The Engine Control Module, or ECM, has one job – to protect the catalytic converter so it can do its job of reducing emissions. Problem is, there are numerous faults that can occur that will keep the ECM from doing that job. And when it detects such a fault in any of the systems it oversees, it will turn on the Malfunction Indicator Lamp, or MIL, also referred to as the “Check Engine” light.
While the OEs have come a long way in defining faults, it is still up to us, the professional automotive technician, to determine the actual cause and effect a proper repair. If we miss the mark, the original fault may return or a new one emerges with both scenarios resulting in another MIL illumination, and a disgruntled customer.
Join Pete and G. on May 21, 2022 at 6:00 p.m. Eastern for an informative webinar on how to effectively deal with issues related to the Check Engine light. Topics covered will include:
- An overview of how the ECM monitors the systems and decides when a failure has occurred AND how to use that information to improve your own diagnostic efficiency.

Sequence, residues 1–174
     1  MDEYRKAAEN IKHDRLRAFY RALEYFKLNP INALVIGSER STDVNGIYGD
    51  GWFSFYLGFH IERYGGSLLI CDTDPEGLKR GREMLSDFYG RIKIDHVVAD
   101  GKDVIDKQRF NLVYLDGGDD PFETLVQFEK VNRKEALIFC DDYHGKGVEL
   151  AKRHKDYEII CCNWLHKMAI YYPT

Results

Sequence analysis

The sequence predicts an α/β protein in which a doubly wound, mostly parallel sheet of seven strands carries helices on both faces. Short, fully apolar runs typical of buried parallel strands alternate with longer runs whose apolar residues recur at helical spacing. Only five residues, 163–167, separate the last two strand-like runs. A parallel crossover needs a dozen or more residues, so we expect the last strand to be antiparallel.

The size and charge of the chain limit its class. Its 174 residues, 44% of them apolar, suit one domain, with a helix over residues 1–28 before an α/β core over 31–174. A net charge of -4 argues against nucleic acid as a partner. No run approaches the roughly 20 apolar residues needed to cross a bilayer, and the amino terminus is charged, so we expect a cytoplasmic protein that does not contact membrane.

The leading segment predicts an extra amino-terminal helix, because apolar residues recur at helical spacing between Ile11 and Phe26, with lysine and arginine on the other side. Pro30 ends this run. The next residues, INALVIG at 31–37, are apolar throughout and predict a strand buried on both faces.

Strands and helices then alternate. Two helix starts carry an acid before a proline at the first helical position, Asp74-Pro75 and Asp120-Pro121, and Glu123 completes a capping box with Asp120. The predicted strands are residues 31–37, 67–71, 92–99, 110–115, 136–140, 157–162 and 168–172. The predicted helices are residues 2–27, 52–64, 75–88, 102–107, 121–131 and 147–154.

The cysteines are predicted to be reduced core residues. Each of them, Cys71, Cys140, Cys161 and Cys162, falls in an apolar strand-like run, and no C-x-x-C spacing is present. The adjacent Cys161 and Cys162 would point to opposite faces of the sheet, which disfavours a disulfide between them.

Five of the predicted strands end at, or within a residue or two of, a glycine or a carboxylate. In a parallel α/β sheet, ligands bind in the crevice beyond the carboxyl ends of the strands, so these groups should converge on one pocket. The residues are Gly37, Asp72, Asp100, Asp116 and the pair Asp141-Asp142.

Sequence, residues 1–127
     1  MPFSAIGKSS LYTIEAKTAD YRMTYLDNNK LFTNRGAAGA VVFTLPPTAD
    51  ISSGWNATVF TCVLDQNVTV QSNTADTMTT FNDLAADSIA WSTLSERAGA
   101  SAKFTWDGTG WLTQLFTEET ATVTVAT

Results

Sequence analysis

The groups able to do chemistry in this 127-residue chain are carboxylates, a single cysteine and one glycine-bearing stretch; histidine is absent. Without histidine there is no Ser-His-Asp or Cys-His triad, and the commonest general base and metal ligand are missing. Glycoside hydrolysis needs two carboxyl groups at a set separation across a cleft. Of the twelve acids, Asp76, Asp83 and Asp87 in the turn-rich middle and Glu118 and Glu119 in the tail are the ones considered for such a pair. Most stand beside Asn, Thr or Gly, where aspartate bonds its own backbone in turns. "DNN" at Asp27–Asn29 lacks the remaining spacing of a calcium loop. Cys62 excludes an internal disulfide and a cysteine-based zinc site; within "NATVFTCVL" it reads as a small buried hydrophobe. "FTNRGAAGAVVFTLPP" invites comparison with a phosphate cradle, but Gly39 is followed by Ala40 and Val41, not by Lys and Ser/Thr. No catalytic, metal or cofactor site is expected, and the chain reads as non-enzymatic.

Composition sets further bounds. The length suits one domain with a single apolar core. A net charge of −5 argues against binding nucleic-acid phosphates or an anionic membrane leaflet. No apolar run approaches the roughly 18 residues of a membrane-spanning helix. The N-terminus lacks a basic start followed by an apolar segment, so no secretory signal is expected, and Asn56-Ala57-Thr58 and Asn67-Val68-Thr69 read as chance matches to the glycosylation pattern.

- Using resources you may not have considered or even knew existed in your diagnostic process.
- Using all the tools you have at your disposal; scope, DVOM and scantool, to isolate and confirm the cause.
- And more!
- Thanks to Snap-on Fast-Track Intelligent Diagnostics, this webcast is offered at NO COST!
G JERRY TRUGLIA
Founder/President of Technicians Service Training (TST), G. Jerry Truglia has extensive experience in the automotive field as a technician, service manager, shop owner and technical writer. He is a senior curriculum developer who provides training programs for automotive and truck inspection and repair programs. He has provided on-board diagnostic system, OBDII and automotive training all over the country. He is the owner, curriculum developer and instructor for Automotive Technician Training Services (ATTS) in Mahopac, N.Y.
Creative Director – Technical, Pete Meier is an ASE certified Master Technician with over 40 years of practical experience as a technician and educator, covering a wide variety of makes and models. He began writing for Motor Age as a contributor in 2006, joined the magazine fulltime as Technical Editor in 2010, and now serves as Group Technical Editor and Director of Training. He is committed to the mission of the magazine to “advance the automotive professional” and provides resources to working techs around the country through print, webcasts, social media and YouTube.